What Is Retrieval-Augmented Generation?

To understand the latest advance in generative AI, imagine a courtroom.

Judges hear and decide cases based on their general understanding of the law. Sometimes a case — like a malpractice suit or a labor dispute —  requires special expertise, so judges send court clerks to a law library, looking for precedents and specific cases they can cite.

Like a good judge, large language models (LLMs) can respond to a wide variety of human queries. But to deliver authoritative answers that cite sources, the model needs an assistant to do some research.

The court clerk of AI is a process called retrieval-augmented generation, or RAG for short.

The Story of the Name

Patrick Lewis, lead author of the 2020 paper that coined the term, apologized for the unflattering acronym that now describes a growing family of methods across hundreds of papers and dozens of commercial services he believes represent the future of generative AI.

Patrick Lewis

“We definitely would have put more thought into the name had we known our work would become so widespread,” Lewis said in an interview from Singapore, where he was sharing his ideas with a regional conference of database developers.

“We always planned to have a nicer sounding name, but when it came time to write the paper, no one had a better idea,” said Lewis, who now leads a RAG team at AI startup Cohere.

So, What Is Retrieval-Augmented Generation?

Retrieval-augmented generation is a technique for enhancing the accuracy and reliability of generative AI models with facts fetched from external sources.

In other words, it fills a gap in how LLMs work. Under the hood, LLMs are neural networks, typically measured by how many parameters they contain. An LLM’s parameters essentially represent the general patterns of how humans use words to form sentences.

That deep understanding, sometimes called parameterized knowledge, makes LLMs useful in responding to general prompts at light speed. However, it does not serve users who want a deeper dive into a current or more specific topic.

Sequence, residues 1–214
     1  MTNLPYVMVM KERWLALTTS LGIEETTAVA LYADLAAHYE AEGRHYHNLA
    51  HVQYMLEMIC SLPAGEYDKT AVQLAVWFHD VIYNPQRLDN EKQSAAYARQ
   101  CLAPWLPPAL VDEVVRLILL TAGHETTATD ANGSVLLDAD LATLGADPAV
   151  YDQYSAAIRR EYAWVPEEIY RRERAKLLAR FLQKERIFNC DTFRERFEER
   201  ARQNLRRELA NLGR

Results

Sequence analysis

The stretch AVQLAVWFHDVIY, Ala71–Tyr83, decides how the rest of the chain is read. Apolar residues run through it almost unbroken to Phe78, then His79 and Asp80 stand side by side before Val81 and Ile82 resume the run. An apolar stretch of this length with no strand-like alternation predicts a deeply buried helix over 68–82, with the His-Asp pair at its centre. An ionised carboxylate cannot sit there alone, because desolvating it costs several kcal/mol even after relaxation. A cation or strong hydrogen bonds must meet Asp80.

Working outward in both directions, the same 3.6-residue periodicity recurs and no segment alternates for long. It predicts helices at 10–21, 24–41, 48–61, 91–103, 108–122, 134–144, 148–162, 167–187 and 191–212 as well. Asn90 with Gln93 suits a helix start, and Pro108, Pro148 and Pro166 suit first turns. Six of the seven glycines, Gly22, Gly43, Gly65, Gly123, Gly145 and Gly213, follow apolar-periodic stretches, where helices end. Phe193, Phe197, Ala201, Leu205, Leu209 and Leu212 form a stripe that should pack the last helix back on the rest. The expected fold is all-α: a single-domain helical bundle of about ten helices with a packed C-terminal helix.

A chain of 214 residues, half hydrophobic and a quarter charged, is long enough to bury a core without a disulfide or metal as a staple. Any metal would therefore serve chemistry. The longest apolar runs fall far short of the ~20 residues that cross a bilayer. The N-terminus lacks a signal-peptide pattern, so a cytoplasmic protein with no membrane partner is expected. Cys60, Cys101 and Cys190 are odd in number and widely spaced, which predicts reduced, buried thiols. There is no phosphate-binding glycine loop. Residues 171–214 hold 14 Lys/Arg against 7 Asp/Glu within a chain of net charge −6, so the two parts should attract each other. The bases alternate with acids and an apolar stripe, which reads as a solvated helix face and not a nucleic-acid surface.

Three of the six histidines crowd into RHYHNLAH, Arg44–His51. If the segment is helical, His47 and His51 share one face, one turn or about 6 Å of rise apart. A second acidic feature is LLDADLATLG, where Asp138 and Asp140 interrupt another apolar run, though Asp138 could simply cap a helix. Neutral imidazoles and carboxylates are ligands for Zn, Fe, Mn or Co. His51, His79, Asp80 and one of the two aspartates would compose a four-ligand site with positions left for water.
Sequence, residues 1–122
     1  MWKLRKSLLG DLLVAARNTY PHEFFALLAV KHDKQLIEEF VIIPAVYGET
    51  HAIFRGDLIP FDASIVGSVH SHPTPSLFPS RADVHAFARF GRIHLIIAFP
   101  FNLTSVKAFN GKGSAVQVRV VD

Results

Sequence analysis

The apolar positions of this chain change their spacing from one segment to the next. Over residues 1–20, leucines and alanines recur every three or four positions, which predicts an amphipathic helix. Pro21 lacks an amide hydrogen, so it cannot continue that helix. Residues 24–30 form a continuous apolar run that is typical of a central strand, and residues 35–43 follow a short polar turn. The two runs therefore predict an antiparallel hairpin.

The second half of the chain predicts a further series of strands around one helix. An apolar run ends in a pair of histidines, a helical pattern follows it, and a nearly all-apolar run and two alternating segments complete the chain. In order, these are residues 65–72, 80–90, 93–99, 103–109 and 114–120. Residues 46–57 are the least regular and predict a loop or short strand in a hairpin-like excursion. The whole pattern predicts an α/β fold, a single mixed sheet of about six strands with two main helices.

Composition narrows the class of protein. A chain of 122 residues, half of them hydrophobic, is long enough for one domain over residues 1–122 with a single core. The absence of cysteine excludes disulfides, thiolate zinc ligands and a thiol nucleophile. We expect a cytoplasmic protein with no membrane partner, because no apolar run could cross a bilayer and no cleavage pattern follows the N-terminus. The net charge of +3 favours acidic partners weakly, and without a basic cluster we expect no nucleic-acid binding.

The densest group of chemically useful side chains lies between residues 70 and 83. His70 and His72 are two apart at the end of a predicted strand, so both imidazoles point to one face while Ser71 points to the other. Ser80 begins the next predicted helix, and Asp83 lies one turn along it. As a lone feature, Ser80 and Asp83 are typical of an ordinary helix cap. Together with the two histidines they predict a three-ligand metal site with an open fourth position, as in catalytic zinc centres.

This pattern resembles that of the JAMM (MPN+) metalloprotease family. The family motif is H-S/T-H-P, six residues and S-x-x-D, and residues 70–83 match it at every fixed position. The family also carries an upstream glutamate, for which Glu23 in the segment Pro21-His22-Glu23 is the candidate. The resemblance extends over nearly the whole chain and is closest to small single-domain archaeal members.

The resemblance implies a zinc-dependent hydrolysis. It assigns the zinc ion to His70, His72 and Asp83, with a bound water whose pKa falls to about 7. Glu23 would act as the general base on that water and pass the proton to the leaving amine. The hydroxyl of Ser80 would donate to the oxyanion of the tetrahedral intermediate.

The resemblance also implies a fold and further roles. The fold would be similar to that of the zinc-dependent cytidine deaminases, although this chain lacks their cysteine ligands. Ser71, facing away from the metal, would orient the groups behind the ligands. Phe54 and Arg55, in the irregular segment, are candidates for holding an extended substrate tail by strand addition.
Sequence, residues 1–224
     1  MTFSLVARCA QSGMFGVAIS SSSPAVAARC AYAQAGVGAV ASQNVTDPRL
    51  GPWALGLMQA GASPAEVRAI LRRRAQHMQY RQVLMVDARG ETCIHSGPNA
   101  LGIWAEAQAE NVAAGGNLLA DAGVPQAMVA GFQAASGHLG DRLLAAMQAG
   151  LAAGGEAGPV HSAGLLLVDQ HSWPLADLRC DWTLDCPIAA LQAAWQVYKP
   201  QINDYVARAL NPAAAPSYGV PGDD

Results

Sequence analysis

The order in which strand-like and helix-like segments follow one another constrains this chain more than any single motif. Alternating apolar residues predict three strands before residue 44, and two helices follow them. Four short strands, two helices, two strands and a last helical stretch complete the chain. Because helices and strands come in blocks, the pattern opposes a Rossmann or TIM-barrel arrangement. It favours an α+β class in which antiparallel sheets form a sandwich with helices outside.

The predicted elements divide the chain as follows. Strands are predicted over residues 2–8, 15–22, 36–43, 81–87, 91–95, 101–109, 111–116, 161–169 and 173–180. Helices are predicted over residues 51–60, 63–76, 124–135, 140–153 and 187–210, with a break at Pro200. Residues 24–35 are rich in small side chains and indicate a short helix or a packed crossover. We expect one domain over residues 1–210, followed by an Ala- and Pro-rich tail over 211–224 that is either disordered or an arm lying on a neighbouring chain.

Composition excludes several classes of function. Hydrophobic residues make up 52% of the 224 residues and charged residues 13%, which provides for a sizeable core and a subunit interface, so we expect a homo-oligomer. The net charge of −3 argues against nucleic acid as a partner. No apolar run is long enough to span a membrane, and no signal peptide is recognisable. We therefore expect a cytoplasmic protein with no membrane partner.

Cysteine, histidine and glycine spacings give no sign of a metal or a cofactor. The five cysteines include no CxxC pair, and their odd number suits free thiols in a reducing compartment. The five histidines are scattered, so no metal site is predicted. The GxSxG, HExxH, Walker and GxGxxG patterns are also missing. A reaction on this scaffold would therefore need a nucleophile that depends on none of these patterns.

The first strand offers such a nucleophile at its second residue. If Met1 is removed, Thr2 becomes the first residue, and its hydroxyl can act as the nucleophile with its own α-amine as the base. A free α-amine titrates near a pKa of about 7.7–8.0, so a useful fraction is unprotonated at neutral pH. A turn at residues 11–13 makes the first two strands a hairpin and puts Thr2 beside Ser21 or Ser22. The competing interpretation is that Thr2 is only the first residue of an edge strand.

Combining Internal, External Resources

Lewis and colleagues developed retrieval-augmented generation to link generative AI services to external resources, especially ones rich in the latest technical details.

The paper, with coauthors from the former Facebook AI Research (now Meta AI), University College London and New York University, called RAG “a general-purpose fine-tuning recipe” because it can be used by nearly any LLM to connect with practically any external resource.

Building User Trust

Retrieval-augmented generation gives models sources they can cite, like footnotes in a research paper, so users can check any claims. That builds trust.

What’s more, the technique can help models clear up ambiguity in a user query. It also reduces the possibility a model will make a wrong guess, a phenomenon sometimes called hallucination.

Another great advantage of RAG is it’s relatively easy. A blog by Lewis and three of the paper’s coauthors said developers can implement the process with as few as five lines of code.

That makes the method faster and less expensive than retraining a model with additional datasets. And it lets users hot-swap new sources on the fly.

How People Are Using Retrieval-Augmented Generation 

With retrieval-augmented generation, users can essentially have conversations with data repositories, opening up new kinds of experiences. This means the applications for RAG could be multiple times the number of available datasets.

For example, a generative AI model supplemented with a medical index could be a great assistant for a doctor or nurse. Financial analysts would benefit from an assistant linked to market data.

In fact, almost any business can turn its technical or policy manuals, videos or logs into resources called knowledge bases that can enhance LLMs. These sources can enable use cases such as customer or field support, employee training and developer productivity.

The broad potential is why companies including AWS, IBM, Glean, Google, Microsoft, NVIDIA, Oracle and Pinecone are adopting RAG.

Getting Started With Retrieval-Augmented Generation 

To help users get started, NVIDIA developed a reference architecture for retrieval-augmented generation. It includes a sample chatbot and the elements users need to create their own applications with this new method.

The workflow uses NVIDIA NeMo, a framework for developing and customizing generative AI models, as well as software like NVIDIA Triton Inference Server and NVIDIA TensorRT-LLM for running generative AI models in production.

The software components are all part of NVIDIA AI Enterprise, a software platform that accelerates development and deployment of production-ready AI with the security, support and stability businesses need.

Getting the best performance for RAG workflows requires massive amounts of memory and compute to move and process data. The NVIDIA GH200 Grace Hopper Superchip, with its 288GB of fast HBM3e memory and 8 petaflops of compute, is ideal — it can deliver a 150x speedup over using a CPU.